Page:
The book covers planning and storyboarding, shooting, effects, editing, and mastering--providing information essential to maximizing production value and keeping the recorded image as pristine as possible. Most of the chapter called Onlining4 digs deep into After Effects. The color correction section alone could make a newbie's head explode, but as a DV Rebel, I was exhilarated. I felt the book was written at my level of experience, filling many holes in my knowledge, but not spoon-feeding me stuff I already knew.

The Guide also comes with a companion DVD. The video portion has a short film called The Last Birthday Card that Maschwitz wrote and directed. It's a true Rebel project, and he uses clips as examples throughout the book. In addition to the film itself, there is a version with commentary, and an FX breakdown. The commentary is great. I do wish, however, that he included more in the FX breakdown. There were two major FX sequences in the film, a helicopter and a car crash, but the featurette only covers the helicopter shots.

Also included on the DVD are some Rebel tools for post-production. You'll find some nifty After Effects scripts, including a palette that will make you crave a cigarette when you're finished playing with it. OMG!

There are a couple of topics I wish he had expanded on further. Sound and lighting are, to me, the most neglected elements in low-budget films. Maschwitz does cover both of them, offering pointers, but I would have loved to see more detail on both. Of course, he admits he's no sound expert and doesn't want to come off sounding like one. I can accept that. And his pointers, dos and don'ts, are specific and direct in true Rebel fashion.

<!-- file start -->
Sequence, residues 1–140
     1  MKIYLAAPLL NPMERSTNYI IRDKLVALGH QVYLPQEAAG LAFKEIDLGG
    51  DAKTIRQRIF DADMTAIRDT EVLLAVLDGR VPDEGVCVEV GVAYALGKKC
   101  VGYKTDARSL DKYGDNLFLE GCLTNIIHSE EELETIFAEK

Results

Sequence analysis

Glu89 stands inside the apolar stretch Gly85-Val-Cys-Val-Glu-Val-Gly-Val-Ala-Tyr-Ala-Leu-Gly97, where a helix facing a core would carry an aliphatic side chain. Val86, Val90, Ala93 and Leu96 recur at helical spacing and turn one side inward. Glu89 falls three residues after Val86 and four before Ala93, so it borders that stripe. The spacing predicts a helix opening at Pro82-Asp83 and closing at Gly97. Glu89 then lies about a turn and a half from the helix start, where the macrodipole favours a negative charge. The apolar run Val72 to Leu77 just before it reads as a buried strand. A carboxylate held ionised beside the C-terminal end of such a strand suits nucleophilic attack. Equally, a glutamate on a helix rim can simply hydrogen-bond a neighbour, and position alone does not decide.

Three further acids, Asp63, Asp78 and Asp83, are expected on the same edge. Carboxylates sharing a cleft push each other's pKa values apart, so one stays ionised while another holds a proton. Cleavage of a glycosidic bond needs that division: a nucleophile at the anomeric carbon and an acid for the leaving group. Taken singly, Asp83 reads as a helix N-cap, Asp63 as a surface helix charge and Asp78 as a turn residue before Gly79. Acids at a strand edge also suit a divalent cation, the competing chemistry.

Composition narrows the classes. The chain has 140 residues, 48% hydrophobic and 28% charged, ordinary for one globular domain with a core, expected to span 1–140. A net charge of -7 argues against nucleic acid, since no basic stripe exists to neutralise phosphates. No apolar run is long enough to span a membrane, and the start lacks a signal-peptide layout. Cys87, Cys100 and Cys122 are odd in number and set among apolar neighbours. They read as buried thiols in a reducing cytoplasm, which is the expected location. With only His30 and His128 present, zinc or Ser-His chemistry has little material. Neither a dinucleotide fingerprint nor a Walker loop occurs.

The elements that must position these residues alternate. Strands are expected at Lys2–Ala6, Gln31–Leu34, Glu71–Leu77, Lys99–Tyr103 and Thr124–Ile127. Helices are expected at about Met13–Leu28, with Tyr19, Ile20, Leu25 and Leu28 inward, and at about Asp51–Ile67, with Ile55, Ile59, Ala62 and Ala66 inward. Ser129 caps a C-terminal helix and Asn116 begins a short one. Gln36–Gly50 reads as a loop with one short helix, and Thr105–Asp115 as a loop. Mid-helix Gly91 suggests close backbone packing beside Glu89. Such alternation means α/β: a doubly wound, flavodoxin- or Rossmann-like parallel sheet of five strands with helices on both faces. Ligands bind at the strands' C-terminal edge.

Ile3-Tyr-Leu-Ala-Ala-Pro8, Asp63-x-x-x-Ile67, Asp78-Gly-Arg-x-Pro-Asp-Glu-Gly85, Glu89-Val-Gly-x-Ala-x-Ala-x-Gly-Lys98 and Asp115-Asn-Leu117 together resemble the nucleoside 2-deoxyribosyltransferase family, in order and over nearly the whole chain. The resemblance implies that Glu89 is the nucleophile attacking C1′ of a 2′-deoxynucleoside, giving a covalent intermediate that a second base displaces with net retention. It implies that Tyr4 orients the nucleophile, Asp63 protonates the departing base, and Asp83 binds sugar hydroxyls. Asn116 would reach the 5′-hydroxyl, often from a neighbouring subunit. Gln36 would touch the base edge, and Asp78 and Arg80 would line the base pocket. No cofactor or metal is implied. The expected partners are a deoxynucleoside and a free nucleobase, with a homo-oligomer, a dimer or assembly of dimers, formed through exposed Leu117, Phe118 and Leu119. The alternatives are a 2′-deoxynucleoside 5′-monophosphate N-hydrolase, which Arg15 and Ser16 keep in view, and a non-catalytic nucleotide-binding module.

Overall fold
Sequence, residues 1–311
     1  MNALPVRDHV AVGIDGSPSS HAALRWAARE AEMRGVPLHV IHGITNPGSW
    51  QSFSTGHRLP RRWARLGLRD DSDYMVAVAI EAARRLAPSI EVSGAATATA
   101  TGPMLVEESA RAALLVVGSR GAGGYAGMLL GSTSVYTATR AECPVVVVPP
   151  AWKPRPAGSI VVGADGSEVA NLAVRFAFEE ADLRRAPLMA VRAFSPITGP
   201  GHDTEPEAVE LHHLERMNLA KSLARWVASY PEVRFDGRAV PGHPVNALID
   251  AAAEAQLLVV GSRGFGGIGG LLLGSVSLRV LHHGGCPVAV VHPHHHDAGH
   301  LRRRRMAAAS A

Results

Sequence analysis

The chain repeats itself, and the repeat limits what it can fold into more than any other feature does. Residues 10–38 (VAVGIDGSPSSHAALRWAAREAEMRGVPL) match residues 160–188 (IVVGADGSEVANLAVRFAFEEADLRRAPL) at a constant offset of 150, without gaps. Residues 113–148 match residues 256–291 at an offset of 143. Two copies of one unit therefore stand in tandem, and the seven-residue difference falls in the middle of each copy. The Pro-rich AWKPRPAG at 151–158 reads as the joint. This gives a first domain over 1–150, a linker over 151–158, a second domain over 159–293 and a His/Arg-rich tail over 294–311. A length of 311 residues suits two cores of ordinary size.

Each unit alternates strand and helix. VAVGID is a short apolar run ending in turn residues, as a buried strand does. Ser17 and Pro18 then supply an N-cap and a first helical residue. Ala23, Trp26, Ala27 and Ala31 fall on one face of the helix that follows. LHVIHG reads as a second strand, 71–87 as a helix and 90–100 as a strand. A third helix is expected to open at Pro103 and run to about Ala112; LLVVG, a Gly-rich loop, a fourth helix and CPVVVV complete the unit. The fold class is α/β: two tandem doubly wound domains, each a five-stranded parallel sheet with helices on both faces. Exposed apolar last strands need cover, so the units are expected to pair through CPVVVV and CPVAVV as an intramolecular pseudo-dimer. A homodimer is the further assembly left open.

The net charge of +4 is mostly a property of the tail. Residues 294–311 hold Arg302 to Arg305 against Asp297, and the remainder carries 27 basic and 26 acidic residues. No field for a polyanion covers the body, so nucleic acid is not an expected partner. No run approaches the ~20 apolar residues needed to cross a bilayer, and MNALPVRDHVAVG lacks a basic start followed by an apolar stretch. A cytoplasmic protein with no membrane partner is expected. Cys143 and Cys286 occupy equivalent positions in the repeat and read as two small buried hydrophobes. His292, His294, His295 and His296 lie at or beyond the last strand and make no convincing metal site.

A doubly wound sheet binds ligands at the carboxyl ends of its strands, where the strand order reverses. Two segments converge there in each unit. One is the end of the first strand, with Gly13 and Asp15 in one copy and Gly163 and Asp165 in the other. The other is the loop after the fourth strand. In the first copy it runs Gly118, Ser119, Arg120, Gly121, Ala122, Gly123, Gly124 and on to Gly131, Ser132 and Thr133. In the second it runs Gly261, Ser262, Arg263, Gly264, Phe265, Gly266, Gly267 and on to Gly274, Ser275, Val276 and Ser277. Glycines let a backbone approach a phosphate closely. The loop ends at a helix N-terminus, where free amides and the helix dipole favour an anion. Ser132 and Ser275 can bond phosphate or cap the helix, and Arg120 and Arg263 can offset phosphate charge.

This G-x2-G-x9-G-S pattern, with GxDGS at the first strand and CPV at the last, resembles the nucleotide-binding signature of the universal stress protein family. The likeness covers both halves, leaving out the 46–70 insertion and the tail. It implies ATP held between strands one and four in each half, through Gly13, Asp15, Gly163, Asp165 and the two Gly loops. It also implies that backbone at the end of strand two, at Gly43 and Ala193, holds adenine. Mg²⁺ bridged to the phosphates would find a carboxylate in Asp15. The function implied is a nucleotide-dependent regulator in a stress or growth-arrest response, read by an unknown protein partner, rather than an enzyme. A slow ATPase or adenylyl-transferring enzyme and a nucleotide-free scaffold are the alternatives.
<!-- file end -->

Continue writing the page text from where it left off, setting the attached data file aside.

Lighting is covered in a little more detail, offering some great advice. But lighting is one aspect I feel needs more than just pointers; I feel the foundation should be laid out, even for Rebels. I've seen too many films where the lighting showed the DP's lack of experience. And nothing takes me out of a movie faster than when something doesn't look right.

But these are minor quibbles. I found The DV Rebel's Guide extremely informative in nearly every aspect of filmmaking. More than that, Maschwitz's love of the craft shines through on every page, which made me want to get out and make a great movie.

About the Author:


From the back cover: Stu Maschwitz is a commercial director and cofounder and CTO of The Orphanage, a San Francisco-based visual effects and film production company. Maschwitz spent five years as a visual effects artist at George Lucas's Industrial Light & Magic (ILM) and went on to create the award-winning Magic Bullet software, used in his 1999 short film The Last Birthday Card. Made with the very first DV camera for a budget of around $5000, Birthday Card shocked viewers with its high production value and killer effects.


Maschwits also publishes a blog called ProLost, and hosts a forum as a companion for the DV Rebel's Guide called The Rebel Cafe.

1 NLE stands for Non-linear editor. The most popular professional NLEs are Adobe Premiere, Final Cut Pro, and Avid.

2 The Canon HV20 is the first consumer-level camera (under $1000) that shoots 24p (with some tweaking when capturing). It doesn't have all the bells and whistles of prosumer cameras, but it has become increasingly popular--and seriously pimped out. More about the HV20 in future posts.

3 There are a lot of other good books on filmmaking. But sometimes it gets frustrating to sift through the mediocrity to find a gem.

4 Onlining is a term I'd never heard until reading the book. Maschwitz defines it as: "...a noun and a verb that refers to the process of creating the final, high quality version of your film."